Wearable cardioverter-defibrillator use in patients perceived to be at high risk early post-myocardial infarction



The aim of this study was to describe usage of the wearable cardioverter-defibrillator (WCD) during mandated waiting periods following myocardial infarction (MI) for patients perceived to be at high risk for sudden cardiac arrest (SCA).


Current device guidelines and insurance coverage require waiting periods of either 40 days or 3 months before implanting a cardioverter-defibrillator post-myocardial infarction (MI), depending on whether or not acute revascularization was undertaken.


We assessed characteristics of and outcomes for patients who had a WCD prescribed in the first 3 months post-MI. The WCD medical order registry was searched for patients who were coded as having had a "recent MI with ejection fraction ≤35%" or given an International Classification of Diseases, Ninth Revision 410.xx diagnostic code (acute MI), and then matched to device-recorded data.


Between September 2005 and July 2011, 8,453 unique patients (age 62.7 ± 12.7 years, 73% male) matched study criteria. A total of 133 patients (1.6%) received 309 appropriate shocks. Of these patients, 91% were resuscitated from a ventricular arrhythmia. For shocked patients, the left ventricular ejection fraction (LVEF) was ≤30% in 106, 30% to 35% in 17, >36% in 8, and not reported in 2 patients. Of the 38% of patients not revascularized, 84% had a LVEF ≤30%; of the 62% of patients revascularized, 77% had a LVEF ≤30%. The median time from the index MI to WCD therapy was 16 days. Of the treated patients, 75% received treatment in the first month, and 96% within the first 3 months of use. Shock success resulting in survival was 84% in nonrevascularized and 95% in revascularized patients.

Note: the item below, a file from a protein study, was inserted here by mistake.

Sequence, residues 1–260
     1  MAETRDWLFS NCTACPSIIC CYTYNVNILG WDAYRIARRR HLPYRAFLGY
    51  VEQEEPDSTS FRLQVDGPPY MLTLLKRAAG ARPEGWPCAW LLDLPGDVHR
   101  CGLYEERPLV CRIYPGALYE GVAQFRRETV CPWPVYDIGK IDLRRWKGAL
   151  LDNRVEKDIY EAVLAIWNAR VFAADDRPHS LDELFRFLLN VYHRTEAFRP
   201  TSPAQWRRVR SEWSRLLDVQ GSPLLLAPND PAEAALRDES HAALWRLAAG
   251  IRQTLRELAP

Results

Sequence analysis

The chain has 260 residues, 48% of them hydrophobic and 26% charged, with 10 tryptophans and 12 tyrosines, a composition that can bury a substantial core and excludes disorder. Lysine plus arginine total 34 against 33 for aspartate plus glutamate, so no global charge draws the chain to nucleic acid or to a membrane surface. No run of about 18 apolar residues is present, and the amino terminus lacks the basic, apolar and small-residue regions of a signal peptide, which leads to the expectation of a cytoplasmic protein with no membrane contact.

During the 40-day and 3-month waiting periods in patients post-MI, the WCD successfully treated SCA in 1.4%, and the risk was highest in the first month of WCD use. The WCD may benefit individual patients selected for high risk of SCA early post-MI.

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